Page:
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Government to tackle inappropriate ‘do not attempt CPR’ orders for people with learning disabilities

Department of Health and Social Care's review of service inequalities is in response to 2019’s critical Learning Disabilities Mortality Review report 

Department of Health and Social Care's review of service inequalities is in response to 2019’s critical Learning Disabilities Mortality Review report    

The government says that it will tackle inappropriate ‘do not attempt cardiopulmonary resuscitation’ (DNACPR) orders for people with learning disabilities.

The plans are part of the Department of Health and Social Care’s (DHSC) official response to the third Learning Disabilities Mortality Review (LeDeR) report.

Care of almost one in ten adults with learning disabilities was well below what should be expected

Published in May 2019, the LeDeR report found 19 people had ‘learning disabilities’ or ‘Down’s syndrome’ recorded as a reason for DNACPR orders.

In the DHSC's official response, published on 12 February, it has asked the Care Quality Commission to identify and review DNACPR orders and Treatment Escalation Personal Plans relating to people with learning disabilities at inspection visits by October.

The LeDeR report also revealed that around 250 people had their cause of death described as Down’s syndrome and that the care of almost one in ten adults with learning disabilities was well below what should be expected and, in some cases, had contributed to their death.

‘Learning disabilities are not fatal conditions’

In response to these findings, a DHSC spokesperson commented: ‘Learning disabilities are not fatal conditions and should never be used as a cause of death.’

The DHSC response also states that by the end of 2020, NHS England expects every clinical commissioning group to be able to conduct mortality reviews within six months, apart from where other investigatory processes mean a longer interval is appropriate.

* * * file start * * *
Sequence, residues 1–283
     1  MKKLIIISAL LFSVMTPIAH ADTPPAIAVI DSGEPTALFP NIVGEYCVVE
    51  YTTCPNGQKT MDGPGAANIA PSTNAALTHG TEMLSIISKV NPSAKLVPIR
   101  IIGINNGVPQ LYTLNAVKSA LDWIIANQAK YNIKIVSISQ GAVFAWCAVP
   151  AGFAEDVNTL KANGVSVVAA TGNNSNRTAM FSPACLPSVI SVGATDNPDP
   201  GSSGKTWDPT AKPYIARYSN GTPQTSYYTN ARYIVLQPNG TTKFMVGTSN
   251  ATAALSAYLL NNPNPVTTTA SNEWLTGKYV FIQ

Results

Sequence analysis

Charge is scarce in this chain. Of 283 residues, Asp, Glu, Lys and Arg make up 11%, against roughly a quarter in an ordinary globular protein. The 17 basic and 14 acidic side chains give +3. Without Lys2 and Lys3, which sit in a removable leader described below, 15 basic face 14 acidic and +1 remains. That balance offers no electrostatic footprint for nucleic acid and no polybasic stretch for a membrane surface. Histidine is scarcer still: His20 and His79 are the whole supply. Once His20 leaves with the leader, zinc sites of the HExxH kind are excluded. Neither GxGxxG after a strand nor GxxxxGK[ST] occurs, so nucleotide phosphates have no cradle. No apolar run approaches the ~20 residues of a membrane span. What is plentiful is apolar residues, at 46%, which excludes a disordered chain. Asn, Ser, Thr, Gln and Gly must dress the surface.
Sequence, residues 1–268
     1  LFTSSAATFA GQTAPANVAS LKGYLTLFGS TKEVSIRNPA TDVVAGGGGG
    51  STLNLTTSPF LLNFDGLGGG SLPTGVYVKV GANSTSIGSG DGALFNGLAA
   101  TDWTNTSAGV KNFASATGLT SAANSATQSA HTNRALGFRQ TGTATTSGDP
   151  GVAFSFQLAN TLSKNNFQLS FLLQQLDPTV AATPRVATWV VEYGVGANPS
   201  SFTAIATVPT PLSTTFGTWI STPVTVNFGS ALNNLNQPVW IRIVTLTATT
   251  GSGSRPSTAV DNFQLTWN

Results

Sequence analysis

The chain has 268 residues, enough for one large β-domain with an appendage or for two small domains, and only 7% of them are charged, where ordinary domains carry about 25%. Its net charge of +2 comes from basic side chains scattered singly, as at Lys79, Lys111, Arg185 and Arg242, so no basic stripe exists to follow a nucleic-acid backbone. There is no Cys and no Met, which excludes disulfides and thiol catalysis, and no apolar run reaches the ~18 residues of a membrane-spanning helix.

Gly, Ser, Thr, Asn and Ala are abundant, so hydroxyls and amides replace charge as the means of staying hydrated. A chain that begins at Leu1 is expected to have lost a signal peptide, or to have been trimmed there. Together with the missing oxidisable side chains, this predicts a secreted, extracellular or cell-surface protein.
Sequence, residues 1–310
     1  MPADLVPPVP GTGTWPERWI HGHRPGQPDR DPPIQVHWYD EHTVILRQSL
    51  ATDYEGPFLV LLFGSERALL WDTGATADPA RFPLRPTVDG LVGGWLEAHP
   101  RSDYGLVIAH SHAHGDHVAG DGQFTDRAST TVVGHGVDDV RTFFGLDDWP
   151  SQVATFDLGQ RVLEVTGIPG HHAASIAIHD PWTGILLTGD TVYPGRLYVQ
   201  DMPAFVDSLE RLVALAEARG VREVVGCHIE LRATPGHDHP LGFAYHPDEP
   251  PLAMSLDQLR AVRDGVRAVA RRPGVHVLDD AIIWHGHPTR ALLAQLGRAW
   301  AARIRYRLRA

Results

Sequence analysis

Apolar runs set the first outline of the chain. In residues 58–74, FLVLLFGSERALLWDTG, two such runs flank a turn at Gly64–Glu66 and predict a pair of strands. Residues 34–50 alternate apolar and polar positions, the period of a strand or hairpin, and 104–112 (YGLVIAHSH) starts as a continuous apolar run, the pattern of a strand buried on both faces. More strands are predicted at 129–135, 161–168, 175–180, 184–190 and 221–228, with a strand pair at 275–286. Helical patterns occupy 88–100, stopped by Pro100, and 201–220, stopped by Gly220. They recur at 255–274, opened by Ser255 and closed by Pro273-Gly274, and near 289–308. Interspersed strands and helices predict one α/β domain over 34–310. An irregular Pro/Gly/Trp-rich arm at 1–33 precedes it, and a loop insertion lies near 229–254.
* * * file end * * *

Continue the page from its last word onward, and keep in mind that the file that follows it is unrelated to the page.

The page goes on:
This is in response to the LeDeR report highlighting the need for mortality reviews of people with learning disabilities to be completed in a timely manner, with over 2,700 still in progress at the time of the report’s publication.

The DHSC also repeated its commitment to develop mandatory learning disability and autism training for different health and social care settings in 2020-21.


Oliver McGown

Mandatory learning disability nursing training named in memory of Oliver McGowan

Initially announced last year, the training will be named in memory of Oliver McGowan, who had high functioning autism, epilepsy and learning disabilities.

The 18-year-old died at Southmead hospital in Bristol in 2016 after being given a drug he was allergic to, despite repeated warnings from his parents.

The charity Skills for Care is to publish a skills and training audit of the social care workforce later this year, which will inform the development of the mandatory training programme.

A Learning Disability England spokesperson said: ‘The government’s response includes some positive moves towards what is needed, but transparency, leadership and action must be prioritised to end inequality now.’


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